Dickson

When I became his girlfriend, it was to end a love triangle. My friend bugged me daily saying, “choose now, before things get ugly”. So I chose the one that shone on paper. Good family, religious upbringing, with plans for the future.

Our dates were so boring! Many times, I find myself wishing unto our date an early end, in favor of some me- time. I understand this is not an unusual wall to hit, but our cycle was premature. It started within the first week, if I must be blatantly honest. I would mentally beg him to leave me alone, and then convince myself that I should want to spend time with my boyfriend. There was no “honeymoon period” when I count down the minutes till our next meeting, or working hours spent daydreaming.

My resentment escalated when he tried to play “macho man”. He would say, “I’ll support you, you can quit your job”. While many girls regard this lifestyle as the holy- grail, it clashes fiercely with my independent and driven nature. It did nothing but punctuate how much he didn’t know me. It also illustrates our different love languages, and how he didn’t know mine. And told him, I did. But stuck in his stubborn patriarchal ways, he was.

Speaking of language, I craved a relationship in which I could… speak English. Although I speak 3 languages, I relate best in English. It’s the only one in which I can comfortably have a heart- to- heart. Many of our conversations end with my frustration when words fail me, him saying: “讲英文 (speak english)”. And when I do, the struggle becomes his.

I knew from the beginning that we didn’t “fit right”. Language was just one of our many incompatibilities. He couldn’t understand my jokes. I thought he was lame, and not in a funny way. He didn’t even understand my dreams, let alone support them. I hated the way he sways his butt when he walks.

But he was a habit. Like the old t-shirt will 2 large holes at the armpits that I can’t bring myself to discard. There was no love, only familiarity. When the relationship blew up in our faces, I didn’t want it to end. He was my comfort zone, and I wanted to waddle in it.

But when I realized how little regard he had for my well being, it was easy to leave. I’ve always been the kind of girl that knows what she wants, and he was not it.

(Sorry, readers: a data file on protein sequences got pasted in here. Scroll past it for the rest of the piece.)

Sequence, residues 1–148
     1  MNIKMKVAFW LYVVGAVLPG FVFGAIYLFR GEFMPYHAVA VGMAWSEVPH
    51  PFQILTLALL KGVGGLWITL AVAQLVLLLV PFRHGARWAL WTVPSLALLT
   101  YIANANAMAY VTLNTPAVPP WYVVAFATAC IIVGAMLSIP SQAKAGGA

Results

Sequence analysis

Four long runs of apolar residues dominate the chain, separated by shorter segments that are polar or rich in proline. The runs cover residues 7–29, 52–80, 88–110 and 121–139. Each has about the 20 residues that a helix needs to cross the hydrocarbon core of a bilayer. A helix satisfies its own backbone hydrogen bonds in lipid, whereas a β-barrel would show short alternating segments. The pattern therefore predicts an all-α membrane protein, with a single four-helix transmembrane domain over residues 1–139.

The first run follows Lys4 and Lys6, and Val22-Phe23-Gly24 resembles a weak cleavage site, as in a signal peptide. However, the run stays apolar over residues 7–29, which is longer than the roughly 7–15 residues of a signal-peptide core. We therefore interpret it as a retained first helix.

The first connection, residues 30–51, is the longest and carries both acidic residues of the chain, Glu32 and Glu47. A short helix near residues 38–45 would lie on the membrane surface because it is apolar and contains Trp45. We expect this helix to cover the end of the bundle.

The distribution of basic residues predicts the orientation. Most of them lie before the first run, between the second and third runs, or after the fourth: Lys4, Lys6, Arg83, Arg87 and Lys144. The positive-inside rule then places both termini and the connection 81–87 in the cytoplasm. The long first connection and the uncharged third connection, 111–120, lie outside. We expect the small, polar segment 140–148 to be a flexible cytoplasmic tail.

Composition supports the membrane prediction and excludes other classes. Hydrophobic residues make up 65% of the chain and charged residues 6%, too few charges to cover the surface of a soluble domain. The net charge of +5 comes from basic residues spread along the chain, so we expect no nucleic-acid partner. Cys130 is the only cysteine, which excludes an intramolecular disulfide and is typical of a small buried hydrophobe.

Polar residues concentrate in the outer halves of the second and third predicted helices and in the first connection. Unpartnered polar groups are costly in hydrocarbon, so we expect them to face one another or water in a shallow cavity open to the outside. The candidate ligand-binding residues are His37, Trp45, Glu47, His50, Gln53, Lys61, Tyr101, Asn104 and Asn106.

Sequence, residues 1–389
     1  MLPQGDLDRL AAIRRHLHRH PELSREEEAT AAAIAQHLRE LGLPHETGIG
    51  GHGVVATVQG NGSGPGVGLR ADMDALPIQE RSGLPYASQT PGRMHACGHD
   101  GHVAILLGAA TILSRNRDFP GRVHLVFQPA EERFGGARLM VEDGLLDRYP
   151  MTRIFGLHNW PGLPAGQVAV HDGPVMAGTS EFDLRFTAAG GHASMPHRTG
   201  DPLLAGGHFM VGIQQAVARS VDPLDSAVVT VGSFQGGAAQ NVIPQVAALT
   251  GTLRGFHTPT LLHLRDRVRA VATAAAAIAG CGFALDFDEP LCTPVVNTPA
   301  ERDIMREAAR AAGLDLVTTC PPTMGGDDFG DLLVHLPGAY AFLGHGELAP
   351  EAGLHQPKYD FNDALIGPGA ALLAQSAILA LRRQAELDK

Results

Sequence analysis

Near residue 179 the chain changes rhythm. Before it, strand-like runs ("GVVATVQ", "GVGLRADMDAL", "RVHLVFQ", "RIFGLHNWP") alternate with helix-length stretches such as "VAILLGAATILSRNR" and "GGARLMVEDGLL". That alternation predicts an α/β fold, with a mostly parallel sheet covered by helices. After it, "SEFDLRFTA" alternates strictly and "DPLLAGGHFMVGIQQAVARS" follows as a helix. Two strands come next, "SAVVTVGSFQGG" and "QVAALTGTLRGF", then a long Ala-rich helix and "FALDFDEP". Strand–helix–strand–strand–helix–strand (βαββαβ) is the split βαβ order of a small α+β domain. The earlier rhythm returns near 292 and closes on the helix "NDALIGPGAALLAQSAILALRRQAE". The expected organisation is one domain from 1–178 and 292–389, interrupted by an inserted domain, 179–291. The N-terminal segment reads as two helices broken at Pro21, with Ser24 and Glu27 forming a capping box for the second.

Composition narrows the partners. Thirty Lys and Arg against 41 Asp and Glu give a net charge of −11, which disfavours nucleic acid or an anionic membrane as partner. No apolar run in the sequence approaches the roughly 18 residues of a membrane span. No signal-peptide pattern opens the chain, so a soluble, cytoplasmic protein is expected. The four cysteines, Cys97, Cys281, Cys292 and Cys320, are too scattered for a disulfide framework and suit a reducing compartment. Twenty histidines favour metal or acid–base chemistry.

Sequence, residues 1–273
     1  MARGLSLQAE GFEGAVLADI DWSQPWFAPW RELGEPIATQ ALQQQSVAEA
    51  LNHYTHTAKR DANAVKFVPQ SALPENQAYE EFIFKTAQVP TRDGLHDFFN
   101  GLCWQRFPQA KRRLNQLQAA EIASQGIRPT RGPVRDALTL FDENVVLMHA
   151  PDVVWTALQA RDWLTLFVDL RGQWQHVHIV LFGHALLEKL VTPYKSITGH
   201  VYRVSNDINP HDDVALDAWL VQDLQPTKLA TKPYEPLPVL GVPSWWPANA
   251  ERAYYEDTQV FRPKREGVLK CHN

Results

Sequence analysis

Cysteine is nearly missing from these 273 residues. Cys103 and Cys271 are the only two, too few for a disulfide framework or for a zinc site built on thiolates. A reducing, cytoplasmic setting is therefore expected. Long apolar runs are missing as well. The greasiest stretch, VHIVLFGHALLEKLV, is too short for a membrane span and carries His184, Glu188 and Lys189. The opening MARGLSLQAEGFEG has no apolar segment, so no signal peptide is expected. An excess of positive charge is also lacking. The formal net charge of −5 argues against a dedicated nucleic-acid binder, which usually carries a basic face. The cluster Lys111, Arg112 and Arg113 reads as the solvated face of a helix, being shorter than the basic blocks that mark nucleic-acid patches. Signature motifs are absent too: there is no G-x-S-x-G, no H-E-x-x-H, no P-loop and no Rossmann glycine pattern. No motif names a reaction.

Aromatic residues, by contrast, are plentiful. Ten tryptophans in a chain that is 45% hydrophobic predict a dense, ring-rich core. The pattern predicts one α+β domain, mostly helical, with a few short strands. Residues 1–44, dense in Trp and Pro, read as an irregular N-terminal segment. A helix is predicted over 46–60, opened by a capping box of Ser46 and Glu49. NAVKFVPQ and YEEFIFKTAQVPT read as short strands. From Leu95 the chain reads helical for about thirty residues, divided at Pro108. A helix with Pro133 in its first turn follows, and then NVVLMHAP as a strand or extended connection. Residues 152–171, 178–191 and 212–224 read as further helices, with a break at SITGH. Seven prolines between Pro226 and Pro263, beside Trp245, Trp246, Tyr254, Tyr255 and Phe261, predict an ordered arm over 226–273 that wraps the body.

Then I met Dickson. And it all made sense. I once described our chemistry as proteins that fit perfectly with specific substrates. These proteins are called enzymes. We are enzyme and substrate. The key and lock fit perfectly. The two jigsaw puzzle pieces are apt.

Our hours together flew past like minutes, and our hours apart felt like days. My new favorite past time was daydreaming about him. I fell in love. I’ve been infatuated, had crushes, participated in childish affection, but never been in love. At least, not the mature, considerate, laid back kind of love I share with him.

I remember this warm, fuzzy feeling that consumed me. It would start from my heart, then spread to the rest of my body in perfect peristaltic movement. The funniest things would set this sequence into action: his smile, a wriggle of his shoulders. And once, the flick of his watch to free his wrist for motion.

He understands my wants and needs. He apprehends my longing for achievements, my exigency to feel relevant, and the requisite role of motion in my welfare. He didn’t necessarily like my endeavours, but he grasp their importance.

Sure, we have our issues. To me, the day is meant for human activity; but he comes out to play at night. I struggle with his family’s traditional expectations; he can’t fathom my family’s dietary habits.

But we work things out. We always do. Being with him makes me wonder, why do people say relationships are hard work? Are we weird?

Somebody once told me: “Grow in love, don’t fall in love”.

I tried growing in love. And failed. Then I fell in love.

Perhaps, I benefit from a society that values individualism and desire.

Whatever, I married Dickson.

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